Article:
Life on the Edge - Stories of Survival and Hope

Our foundation is in touch with the residents of the Dnipropetrovsk region, both with the hosts and with people who were forced to flee shelling and save their lives in safer areas of our country.

We have heard and continue to hear stories of lives that tear our hearts to shreds.

Stories of losing loved ones... of hiding in basements... of fleeing on foot through fields from occupied territories with nothing... of passing through 33 Russian occupiers' checkpoints to leave the occupied territory... of expecting the worst... of the fear of the unknown...

“First, we were hiding from shelling in basements. But as we realized the increasing danger, we decided to leave, although it was difficult to leave everything behind. The fear and uncertainty about what to do next became overwhelming. Hearing daily explosions and witnessing the destruction of our hometown left us drained. Moreover, the lack of water, electricity, and the cold in the apartments made it impossible to even survive there.”

(Valentyna and Olha from Serebrianka village, Bakhmut district)

“But in July 2022, fear and an overwhelming desire for protection brought me and my family (my nine-year-old son and my pensioner mother) to Tsarychanka. The war reached our home. We lived in the city of Nikopol, had an apartment, jobs. My son went to school. When the shelling began, it became very scary and dangerous.”

(Kateryna from Nikopol city)

“Military patrols moved around the city, stopping people and checking their phones. Men were forced to undress up to their underwear. The patrols and checkpoints had lists of people being sought by the russian fascists. It was extemely dangerous to stay in the city.”

(Rostyslav from Kherson)

“When the war started, I was very worried about my elderly grandparents - my grandfather and grandmother. They lived in Chasiv Yar, 6 km away from Bakhmut. But with their strong character and belief in victory, they stayed at home and didn't think about leaving. At that time, my grandfather was 83 years old, and my grandmother was 81… When I arrived, she was shocked. She still didn't want to leave. This was her home, her everyday life, her ancestral dwelling, the garden, the little orchard - it was her life, and now she had to leave. Where to? Why? After all, a counteroffensive and victory were imminent. But miraculously, I managed to convince her. We survived a night of shelling from Grad rockets in the neighboring district. And in the morning, we left. I reassured her that she would live in peace and tranquility, and enjoy the company of her two great-granddaughters. It was painful to see how difficult it was for her to leave her home. I reassured her that it wouldn't be for long, but I could sense that it might be forever. I try to comfort her, to take care of her. Although it's not easy to do all this. Her thoughts, heart, and soul are still there, at home. And she dreams of returning and finding inner peace in her homeland.”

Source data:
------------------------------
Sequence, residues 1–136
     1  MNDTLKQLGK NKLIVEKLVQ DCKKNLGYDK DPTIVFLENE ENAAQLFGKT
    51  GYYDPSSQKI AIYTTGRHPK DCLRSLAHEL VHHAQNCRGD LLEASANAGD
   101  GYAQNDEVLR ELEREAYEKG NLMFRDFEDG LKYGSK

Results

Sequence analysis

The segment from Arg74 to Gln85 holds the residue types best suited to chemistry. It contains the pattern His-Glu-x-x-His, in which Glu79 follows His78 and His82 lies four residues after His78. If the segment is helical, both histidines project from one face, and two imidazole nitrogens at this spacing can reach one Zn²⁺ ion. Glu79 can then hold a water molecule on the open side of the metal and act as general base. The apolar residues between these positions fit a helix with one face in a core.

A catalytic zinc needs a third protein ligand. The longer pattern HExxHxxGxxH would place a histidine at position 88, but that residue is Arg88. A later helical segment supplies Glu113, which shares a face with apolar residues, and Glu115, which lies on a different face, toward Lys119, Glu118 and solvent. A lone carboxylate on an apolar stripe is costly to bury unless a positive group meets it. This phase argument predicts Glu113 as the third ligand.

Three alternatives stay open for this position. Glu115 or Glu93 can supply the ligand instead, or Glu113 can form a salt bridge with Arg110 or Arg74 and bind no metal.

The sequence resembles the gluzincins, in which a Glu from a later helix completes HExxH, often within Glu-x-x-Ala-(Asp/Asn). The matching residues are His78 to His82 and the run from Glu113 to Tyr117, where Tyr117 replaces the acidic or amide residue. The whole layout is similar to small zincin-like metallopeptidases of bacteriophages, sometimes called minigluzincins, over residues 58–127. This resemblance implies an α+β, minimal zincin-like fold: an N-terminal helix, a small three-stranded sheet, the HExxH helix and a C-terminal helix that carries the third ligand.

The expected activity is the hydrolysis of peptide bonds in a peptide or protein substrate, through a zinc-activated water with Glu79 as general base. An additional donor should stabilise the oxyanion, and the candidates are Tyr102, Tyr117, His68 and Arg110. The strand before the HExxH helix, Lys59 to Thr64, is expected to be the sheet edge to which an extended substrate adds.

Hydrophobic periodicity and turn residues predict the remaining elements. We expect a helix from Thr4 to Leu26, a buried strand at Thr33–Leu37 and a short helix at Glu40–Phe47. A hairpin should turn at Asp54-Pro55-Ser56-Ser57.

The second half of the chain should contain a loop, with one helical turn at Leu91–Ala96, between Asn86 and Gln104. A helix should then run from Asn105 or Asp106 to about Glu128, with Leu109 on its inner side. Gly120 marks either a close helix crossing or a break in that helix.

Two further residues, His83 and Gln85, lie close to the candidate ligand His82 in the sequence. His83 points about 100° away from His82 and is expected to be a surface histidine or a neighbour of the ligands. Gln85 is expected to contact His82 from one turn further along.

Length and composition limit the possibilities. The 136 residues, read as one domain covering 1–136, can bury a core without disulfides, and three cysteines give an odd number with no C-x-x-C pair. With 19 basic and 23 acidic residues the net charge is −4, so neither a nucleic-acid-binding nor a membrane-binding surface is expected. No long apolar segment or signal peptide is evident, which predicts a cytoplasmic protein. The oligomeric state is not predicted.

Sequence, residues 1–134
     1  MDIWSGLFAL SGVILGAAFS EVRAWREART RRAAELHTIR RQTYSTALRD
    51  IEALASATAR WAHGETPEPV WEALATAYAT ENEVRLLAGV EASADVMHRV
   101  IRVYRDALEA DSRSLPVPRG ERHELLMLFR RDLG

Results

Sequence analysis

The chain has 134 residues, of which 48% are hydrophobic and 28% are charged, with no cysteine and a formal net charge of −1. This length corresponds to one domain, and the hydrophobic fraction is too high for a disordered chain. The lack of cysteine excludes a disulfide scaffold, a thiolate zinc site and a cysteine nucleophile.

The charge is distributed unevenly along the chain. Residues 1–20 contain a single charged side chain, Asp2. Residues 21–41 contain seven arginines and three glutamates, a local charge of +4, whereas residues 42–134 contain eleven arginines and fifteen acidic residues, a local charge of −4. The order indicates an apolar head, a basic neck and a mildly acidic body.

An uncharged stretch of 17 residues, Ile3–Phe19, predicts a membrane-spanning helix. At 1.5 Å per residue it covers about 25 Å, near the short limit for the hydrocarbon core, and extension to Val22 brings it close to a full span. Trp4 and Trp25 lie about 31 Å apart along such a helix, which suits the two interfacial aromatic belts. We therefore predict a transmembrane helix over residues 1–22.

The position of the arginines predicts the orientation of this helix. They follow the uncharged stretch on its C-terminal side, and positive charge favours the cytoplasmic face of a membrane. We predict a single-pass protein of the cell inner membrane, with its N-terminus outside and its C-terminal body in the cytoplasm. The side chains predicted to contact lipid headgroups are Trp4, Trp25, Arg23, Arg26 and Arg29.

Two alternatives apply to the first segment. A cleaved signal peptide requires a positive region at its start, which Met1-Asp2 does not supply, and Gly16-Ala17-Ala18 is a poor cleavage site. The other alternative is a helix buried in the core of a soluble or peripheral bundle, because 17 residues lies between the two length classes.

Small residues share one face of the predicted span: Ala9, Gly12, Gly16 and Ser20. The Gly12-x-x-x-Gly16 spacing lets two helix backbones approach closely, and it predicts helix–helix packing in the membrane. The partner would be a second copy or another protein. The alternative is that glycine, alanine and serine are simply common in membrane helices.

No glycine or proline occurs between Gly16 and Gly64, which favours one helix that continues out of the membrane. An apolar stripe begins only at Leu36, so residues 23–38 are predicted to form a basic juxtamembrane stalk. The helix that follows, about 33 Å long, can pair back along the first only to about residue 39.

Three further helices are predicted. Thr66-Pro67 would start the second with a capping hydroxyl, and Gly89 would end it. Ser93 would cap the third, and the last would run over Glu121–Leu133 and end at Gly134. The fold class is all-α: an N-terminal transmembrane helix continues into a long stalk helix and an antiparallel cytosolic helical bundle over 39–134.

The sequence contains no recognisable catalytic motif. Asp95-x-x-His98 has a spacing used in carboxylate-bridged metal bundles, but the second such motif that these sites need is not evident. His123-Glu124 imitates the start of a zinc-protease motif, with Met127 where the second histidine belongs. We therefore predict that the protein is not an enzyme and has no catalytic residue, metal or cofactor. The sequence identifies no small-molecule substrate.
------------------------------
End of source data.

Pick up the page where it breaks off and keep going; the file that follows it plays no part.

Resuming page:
(Stanislav from Petrykivka village, Dnipropetrovsk region)

“…occupation of our village by the russists, business destroyed, houses ruined, casualties and killing of people from our village. Parent’s house was struck and it put an end to our life at home which has no longer existed. We took a decision to go out from the basements and to move to Dnipropetrovsk region. We were three families with small children”

(Kateryna from Klymove village, Bakhmut district)

Fortunately, in Petrykivka, Tsarychanka, and Magdalynivka, these stories found their continuation, and people found their refuge and new home, although the longing for home never leaves their hearts.

“We dream of returning home because that's where our entire lives are. But there are only ruins there now…”

(Valentyna and Olha from Serebrianka village, Bakhmut district)

“We try to be useful and occupied to avoid thinking about how much we long to go back home. But now there is no way back. Our apartment is damaged, windows and doors are broken. And after Kahovska HPP was blown up, there's a new problem – a complete lack of water supply in the city. It hurts, deeply in my heart.”

(Kateryna from Nikopol city)

“We have settled in nicely here, but we are already thinking about returning. We really want to go back home”

(Olena, Halyna and Liudmyla from Sloviansk city Donetsk region)